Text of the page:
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The Best Swedish Dishcloths

Can these sponge-cloth hybrids tackle even the toughest of kitchen messes?


Published June 16, 2023.

See Everything We Tested

What You Need To Know

Swedish dishcloths, also referred to as sponge cloths, are a cross between a kitchen sponge and a paper towel. They can be used for a variety of cleaning tasks, including wiping counters and appliances, washing dishes, scrubbing stovetops, and more. After testing a range of products, our co-winners are SWEDEdishcloths and the Skoy Cloth. They’re both strong, absorbent, great at scrubbing away messes, and easy to sanitize. 

What You Need to Know 

Invented by Swedish engineer Curt Lindqvist in 1949, Swedish dishcloths have been prevalent in European households for years. They’ve become popular in American households as an eco-friendly alternative to plastic-containing kitchen sponges and single-use paper towels. 

Swedish dishcloths are typically about 8 inches long by 7 inches wide, smaller than a regular dishcloth, and resemble flat, thin sponges. Most are composed of 30 percent cotton and 70 percent cellulose, a fiber derived from plants. Like sponges and fabric towels, they’re typically sold in packages of four or five. One company sells a version that more closely resembles paper towels; the sponge cloths come on a perforated roll of 30 and you tear them off as you need them. Most sponge cloths on the market are biodegradable, meaning they will eventually decompose naturally.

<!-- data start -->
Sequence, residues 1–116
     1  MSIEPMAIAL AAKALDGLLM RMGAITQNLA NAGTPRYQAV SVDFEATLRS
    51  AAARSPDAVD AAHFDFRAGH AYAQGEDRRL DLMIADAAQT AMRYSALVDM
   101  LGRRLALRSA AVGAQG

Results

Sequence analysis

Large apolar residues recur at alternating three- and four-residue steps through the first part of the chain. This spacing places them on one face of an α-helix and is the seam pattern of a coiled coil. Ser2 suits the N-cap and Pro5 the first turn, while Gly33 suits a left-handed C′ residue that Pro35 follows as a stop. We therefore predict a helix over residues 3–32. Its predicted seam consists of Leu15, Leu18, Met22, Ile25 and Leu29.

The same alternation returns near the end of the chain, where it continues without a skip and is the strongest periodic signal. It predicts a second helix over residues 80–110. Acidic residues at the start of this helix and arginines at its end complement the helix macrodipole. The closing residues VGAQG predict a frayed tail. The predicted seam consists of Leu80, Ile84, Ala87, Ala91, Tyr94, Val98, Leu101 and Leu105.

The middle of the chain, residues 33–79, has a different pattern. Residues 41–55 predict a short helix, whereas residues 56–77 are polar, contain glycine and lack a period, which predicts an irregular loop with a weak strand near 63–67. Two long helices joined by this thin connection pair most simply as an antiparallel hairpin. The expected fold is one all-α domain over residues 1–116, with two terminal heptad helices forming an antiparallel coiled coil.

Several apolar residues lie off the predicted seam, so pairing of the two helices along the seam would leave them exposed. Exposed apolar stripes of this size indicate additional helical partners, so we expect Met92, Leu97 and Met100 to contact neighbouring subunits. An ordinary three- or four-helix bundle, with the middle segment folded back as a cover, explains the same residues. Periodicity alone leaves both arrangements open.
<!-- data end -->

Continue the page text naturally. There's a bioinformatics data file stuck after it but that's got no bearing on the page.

We tested Swedish dishcloths in the ways we commonly use both sponges and paper towels—washing dishes, sopping up spills, wiping down appliances, scrubbing away sticky messes on surfaces, and cleaning faucets. They were excellent replacements for all these tasks and helped us reduce our traditional paper towel waste. However, they dry out completely in between uses and become much harder and more rigid than a typical kitchen sponge. It’s only when they’re damp that they become pliable and absorbent. As a result, they’re not great for drying dishes or shining glasses; dish towels are more effective there.

After using them, you can rinse Swedish dishcloths in the sink or run them through the dishwasher or washing machine and then let them air dry. You can also sanitize them in the microwave (see FAQ below for details). We tested four brands to find the best of the bunch. Overall, we found that because Swedish dishcloths are really only effective when wet, they cannot completely replace paper towels in most households. However, they are still useful for many cleaning jobs. Most of the brands in the lineup performed the same or very similarly; they were all very absorbent and excellent at wiping surfaces. Yet some characteristics helped our favorites rise to the top. Read on to see what we liked and how we chose our winners.

What to Loo...

Everything We Tested

Good : 3 stars out of 3.Fair : 2 stars out of 3.Poor : 1 stars out of 3.
*All products reviewed by America’s Test Kitchen are independently chosen, researched, and reviewed by our editors. We buy products for testing at retail locations and do not accept unsolicited samples for testing. We list suggested sources for recommended products as a convenience to our readers but do not endorse specific retailers. When you choose to purchase our editorial recommendations from the links we provide, we may earn an affiliate commission. Prices are subject to change.
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The mission of America’s Test Kitchen Reviews is to find the best equipment and ingredients for the home cook through rigorous, hands-on testing. We stand behind our winners so much that we even put our seal of approval on them.

Sawyer Phillips

Sawyer is an assistant digital editor for ATK Reviews. She enjoys baking, collecting Prince records, and all things Toni Morrison.